Eversource Energy couples clean energy projects with strong balance sheet
Eversource Energy, New England’s largest utility, said it is positioning itself as a catalyst for clean energy with a lineup of proposed projects that include expanding the region’s access to hydro-power, natural gas and solar.
James Judge, president and CEO of Eversource, highlighted some of the company’s signature projects at the Edison Electric Institute’s financial conference in Phoenix this week. “These are investments that we think are in our customers’ best interest and a good opportunity for our shareholders,” he said.
Judge also made the case that the utility provides an investment opportunity given its strong financial performance and shareholder returns, coupled with it having the lowest risk in the industry as determined by a solid credit rating.
Eversource told investors that it plans to continue producing an annual long-term earnings and dividend growth rate of 5-7 percent. Judge said that the company has delivered total shareholder returns averaging 14.5 percent per year over a 20-year period.
In April 2015, Standard & Poor’s upgraded Eversource Energy’s corporate credit rating to A, at the top of its list of utility holding company ratings. S&P has also assigned Eversource a positive outlook, which means the rating may be raised to A+ in the future.
Eversource has multiple projects in the works that are expected to generate cost savings to customers.
The Northern Pass project, now in the final approval stages, will bring hydroelectricity from Hydro-Quebec into New England. The $1.6 billion project with 1,090 megawatts of hydropower is estimated to save customers about $800 million a year.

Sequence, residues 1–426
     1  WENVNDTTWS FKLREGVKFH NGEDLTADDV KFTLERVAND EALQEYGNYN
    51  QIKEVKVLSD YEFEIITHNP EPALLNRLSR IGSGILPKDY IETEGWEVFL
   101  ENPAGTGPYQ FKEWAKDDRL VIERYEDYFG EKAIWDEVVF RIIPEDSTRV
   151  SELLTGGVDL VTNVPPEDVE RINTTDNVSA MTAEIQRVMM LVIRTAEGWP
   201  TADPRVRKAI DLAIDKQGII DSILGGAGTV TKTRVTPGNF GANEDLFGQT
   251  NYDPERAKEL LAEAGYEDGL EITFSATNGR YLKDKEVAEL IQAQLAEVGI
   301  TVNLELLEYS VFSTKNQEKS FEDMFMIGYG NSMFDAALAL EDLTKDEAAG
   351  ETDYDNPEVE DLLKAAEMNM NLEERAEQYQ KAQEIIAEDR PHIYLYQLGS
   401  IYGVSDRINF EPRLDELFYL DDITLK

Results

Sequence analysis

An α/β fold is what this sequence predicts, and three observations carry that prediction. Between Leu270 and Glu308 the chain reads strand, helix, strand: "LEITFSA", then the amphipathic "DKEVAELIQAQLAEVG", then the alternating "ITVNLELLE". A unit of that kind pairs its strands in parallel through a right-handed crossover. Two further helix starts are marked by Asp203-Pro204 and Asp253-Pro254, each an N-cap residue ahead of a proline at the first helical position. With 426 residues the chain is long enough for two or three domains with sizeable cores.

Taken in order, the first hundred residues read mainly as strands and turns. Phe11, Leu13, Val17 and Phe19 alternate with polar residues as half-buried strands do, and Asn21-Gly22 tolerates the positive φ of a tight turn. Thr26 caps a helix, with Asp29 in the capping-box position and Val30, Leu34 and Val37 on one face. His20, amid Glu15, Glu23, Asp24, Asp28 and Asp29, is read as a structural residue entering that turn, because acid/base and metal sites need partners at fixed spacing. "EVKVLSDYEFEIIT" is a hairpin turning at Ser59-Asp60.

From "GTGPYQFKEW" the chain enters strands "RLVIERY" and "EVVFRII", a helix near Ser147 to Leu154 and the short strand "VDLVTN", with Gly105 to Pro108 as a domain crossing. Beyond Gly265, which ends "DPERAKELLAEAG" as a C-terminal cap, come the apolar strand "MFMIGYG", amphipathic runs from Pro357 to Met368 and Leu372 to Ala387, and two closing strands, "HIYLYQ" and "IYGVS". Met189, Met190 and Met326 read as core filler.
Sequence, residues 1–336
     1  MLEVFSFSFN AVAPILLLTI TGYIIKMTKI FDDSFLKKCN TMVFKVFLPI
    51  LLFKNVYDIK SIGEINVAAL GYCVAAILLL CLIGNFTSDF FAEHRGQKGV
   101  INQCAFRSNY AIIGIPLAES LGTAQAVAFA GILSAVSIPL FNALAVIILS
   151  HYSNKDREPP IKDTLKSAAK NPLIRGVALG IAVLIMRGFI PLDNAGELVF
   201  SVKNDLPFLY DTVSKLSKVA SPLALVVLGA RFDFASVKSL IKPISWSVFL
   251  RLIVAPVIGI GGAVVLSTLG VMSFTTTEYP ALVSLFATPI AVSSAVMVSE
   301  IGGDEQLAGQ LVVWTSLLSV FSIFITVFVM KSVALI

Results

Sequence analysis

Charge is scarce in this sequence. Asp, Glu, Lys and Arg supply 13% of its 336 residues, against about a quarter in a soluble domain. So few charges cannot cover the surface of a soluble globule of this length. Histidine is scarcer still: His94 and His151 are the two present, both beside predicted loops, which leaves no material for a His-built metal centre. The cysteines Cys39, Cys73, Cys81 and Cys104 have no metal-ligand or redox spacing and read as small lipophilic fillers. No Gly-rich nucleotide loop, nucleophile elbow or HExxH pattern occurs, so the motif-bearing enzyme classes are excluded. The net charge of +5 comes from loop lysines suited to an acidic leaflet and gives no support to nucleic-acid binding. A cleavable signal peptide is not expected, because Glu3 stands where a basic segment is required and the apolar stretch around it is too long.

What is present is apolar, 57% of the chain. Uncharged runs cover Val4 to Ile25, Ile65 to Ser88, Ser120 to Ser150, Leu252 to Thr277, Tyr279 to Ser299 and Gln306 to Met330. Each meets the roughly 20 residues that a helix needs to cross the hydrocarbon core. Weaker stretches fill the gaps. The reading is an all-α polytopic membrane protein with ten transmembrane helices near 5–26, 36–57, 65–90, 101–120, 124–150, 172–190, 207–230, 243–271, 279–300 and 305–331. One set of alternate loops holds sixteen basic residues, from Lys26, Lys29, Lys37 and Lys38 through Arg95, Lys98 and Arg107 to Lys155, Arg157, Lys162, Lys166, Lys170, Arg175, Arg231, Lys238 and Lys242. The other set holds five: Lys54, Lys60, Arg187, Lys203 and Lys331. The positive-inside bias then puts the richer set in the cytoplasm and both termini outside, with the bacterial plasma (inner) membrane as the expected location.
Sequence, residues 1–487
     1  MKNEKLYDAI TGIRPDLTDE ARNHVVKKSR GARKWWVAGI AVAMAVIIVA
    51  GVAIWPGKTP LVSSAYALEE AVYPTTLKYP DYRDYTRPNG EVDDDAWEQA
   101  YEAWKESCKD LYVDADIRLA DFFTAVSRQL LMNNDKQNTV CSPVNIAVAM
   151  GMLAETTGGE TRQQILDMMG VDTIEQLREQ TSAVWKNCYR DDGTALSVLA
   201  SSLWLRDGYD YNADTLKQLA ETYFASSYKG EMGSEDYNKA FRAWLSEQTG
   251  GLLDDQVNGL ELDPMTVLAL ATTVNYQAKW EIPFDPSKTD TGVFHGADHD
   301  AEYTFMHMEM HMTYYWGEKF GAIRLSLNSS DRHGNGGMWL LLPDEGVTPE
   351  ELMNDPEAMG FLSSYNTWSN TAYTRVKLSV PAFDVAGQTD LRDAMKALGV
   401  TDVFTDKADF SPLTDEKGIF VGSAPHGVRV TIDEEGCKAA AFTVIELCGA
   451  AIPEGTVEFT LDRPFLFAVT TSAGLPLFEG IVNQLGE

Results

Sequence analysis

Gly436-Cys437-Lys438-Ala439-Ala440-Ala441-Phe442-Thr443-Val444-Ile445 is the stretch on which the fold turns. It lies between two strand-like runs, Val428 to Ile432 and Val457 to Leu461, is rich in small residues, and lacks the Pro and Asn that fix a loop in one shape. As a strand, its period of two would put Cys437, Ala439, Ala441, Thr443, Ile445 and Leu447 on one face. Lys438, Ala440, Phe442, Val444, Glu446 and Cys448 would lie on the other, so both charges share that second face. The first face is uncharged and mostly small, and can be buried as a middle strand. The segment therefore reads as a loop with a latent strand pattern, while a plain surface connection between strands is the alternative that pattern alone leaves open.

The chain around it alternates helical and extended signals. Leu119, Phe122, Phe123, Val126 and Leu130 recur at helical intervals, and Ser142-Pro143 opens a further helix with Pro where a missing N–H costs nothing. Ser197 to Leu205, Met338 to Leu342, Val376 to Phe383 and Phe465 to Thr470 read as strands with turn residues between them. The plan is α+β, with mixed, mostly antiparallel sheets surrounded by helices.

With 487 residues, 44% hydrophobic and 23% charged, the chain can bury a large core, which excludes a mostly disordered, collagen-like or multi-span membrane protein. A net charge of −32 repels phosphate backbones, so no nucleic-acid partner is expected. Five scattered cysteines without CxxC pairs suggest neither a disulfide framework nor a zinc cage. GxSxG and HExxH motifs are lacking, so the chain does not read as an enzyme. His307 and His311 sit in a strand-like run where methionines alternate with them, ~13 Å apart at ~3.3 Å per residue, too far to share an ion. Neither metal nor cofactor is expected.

Eversource has also partnered with Spectra Energy and National Grid on the Access Northeast project. That project will upgrade the existing natural gas transmission pipelines in New England and expand gas capacity to generators and retail customers.
Access Northeast is expected to help meet demands for additional natural gas for heating, while reducing costs for electricity customers throughout New England. The company has said during a typical winter New England customers will save about $1 billion a year. Emissions also will be cut as cleaner natural gas replaces oil and coal-generated power.
The company sees another opportunity in solar and plans to spend $200 million a year on solar energy projects, Judge said.
“We have to think it is in the best interest of our customers. We think utility scale solar is a cheaper alternative than rooftop,” he said.
Eversource has constructed a large-scale solar generation facility in Massachusetts, which contributes to the state’s goal to install 1,600 MW of solar energy by 2020.
In addition, the Massachusetts Legislature passed a measure to expand its offshore wind energy target. The state will solicit proposals for long–term contracts to develop wind power, which Judge said was a transmission opportunity for the company.
On the regulatory front, Eversource has two rate cases in Massachusetts and Connecticut that are expected to proceed next year.
“The reliability numbers are now the best in the 100-plus year history of the company. We have improved efficiency and cost reductions, coupled with improved service, which is usually a win with regulators. So we feel pretty good about getting through those proceedings next year,” Judge said.